***This one is Prepared Performer instructor Charna Lopez's favorite!***
6. GET A MOVE ON
That's right…get on your feet and move while learning your lines. I don't mean you have to run your blocking (although that is a good idea, too). I mean do something totally unrelated to your script. Wash the dishes, paint your nails, clean your room, hang new shelves in your garage, or work out. Not only will you be super productive, your muscles will help you retain the info you are working so hard to grasp. Your brain shouldn't have do it on it's own! Do some squats while you memorize and let your legs do part of the heavy lifting. Literally.
*** This has been proven in many studies – you can download one of the studies: I found informative by clicking here. “The results of the two experiments indicated that movement instruction significantly enhanced memorization of text, rhythm, and pitch.”***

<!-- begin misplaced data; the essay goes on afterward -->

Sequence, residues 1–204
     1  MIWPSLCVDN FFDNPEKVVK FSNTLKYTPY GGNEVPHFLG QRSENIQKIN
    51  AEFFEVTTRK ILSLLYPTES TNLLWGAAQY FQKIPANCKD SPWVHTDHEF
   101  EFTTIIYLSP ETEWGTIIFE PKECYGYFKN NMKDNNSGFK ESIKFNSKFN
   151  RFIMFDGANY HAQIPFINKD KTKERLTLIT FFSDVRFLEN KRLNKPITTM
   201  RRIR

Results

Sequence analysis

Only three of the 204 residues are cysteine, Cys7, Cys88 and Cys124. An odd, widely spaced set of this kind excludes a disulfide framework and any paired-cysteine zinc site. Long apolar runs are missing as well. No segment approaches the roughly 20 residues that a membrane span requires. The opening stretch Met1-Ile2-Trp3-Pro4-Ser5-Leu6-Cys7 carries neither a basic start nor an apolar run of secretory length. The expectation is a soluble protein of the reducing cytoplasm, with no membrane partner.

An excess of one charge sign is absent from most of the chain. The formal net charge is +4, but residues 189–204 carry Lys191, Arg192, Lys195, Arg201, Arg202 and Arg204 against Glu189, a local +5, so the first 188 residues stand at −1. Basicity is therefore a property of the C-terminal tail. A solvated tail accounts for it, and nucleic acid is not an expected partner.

*** This is Prepared Performer Instructor/Photography Daryl Getman‘s favorite tip***
7. MAKE IT A SILLY SONG OR DANCE
Ever wonder why we teach our little ones nursery rhymes? We all know our ABC's and we all know that the wheels on the bus go round and round… why? Because, music, movement and rhymes make it fun! Try rehearsing your lines to a song or add some choreography. It will help! Mix it up! We can easily get frustrated when we are trying to learn loads of lines, and it's really empowering if we can help ourselves and lighten the mood!